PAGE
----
It almost goes without saying that Isaiah 53 is an exceedingly important Bible passage. It has great import for biblical theology, historical Jesus studies, evangelism, Messianic Judaism, and a host of other topics. Two of my colleagues, Darrell Bock and Bob Chisholm, have contributed to a new book focused upon this text that offers tremendous help to those wrestling with this passage.
In this book of essays, titled The Gospel According to Isaiah 53: Encountering the Suffering Servant in Jewish and Christian Theology, several different scholars contribute to the question of the meaning of Isaiah 53 in Christian and Jewish interpretation, the meaning and use of this text from the perspective of biblical theology, and then its practical use in Christian worship and Jewish evangelism. There is a tremendous amount of detail in each of the chapters, with lots of references for further investigation. For readers who are beginning their study of this passage, perhaps one of the most helpful chapters is the conclusion by Dr. Bock, where he summarizes each chapter and ties together the themes of the book. For those who are further along, the book is organized well and each chapter appropriately named, so it is easy to find material with a narrower focus.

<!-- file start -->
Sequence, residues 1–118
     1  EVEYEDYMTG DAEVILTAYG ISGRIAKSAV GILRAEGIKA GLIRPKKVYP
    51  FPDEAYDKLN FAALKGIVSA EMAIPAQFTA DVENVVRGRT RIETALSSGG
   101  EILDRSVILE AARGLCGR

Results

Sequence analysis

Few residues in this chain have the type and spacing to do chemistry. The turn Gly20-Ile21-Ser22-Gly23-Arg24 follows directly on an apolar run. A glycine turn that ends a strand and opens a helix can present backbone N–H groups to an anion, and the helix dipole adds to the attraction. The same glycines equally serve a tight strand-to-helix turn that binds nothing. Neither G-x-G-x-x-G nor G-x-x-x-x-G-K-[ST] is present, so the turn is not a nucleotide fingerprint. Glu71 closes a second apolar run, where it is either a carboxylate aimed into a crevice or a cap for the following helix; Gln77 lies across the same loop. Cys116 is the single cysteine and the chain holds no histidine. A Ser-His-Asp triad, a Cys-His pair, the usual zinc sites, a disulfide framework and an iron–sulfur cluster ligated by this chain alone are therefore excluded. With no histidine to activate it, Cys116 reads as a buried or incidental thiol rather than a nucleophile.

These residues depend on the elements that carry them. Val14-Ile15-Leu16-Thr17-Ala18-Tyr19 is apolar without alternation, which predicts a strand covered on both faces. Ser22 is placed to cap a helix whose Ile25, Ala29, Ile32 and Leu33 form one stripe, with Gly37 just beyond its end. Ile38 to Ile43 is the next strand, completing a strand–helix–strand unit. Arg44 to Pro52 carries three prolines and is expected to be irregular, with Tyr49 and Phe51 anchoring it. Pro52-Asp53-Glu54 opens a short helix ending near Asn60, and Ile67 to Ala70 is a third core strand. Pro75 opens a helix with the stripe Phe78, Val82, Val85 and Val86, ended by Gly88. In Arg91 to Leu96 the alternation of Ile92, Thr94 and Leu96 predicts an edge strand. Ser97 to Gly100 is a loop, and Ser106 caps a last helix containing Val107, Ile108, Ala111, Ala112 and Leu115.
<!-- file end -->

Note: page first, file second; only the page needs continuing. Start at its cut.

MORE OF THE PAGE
The central conviction of the book is that Isaiah 53 does indeed point to Jesus as the Suffering Servant, the Messiah who would atone for the sins of Israel and in fact those of the entire world. Each chapter makes an important contribution to that argument, and the book does an admirable job of explaining exegesis and theology without losing sight of practical matters. I recommend it highly to those who are studying this passage, and also to those who are involved in the work of Jewish evangelism.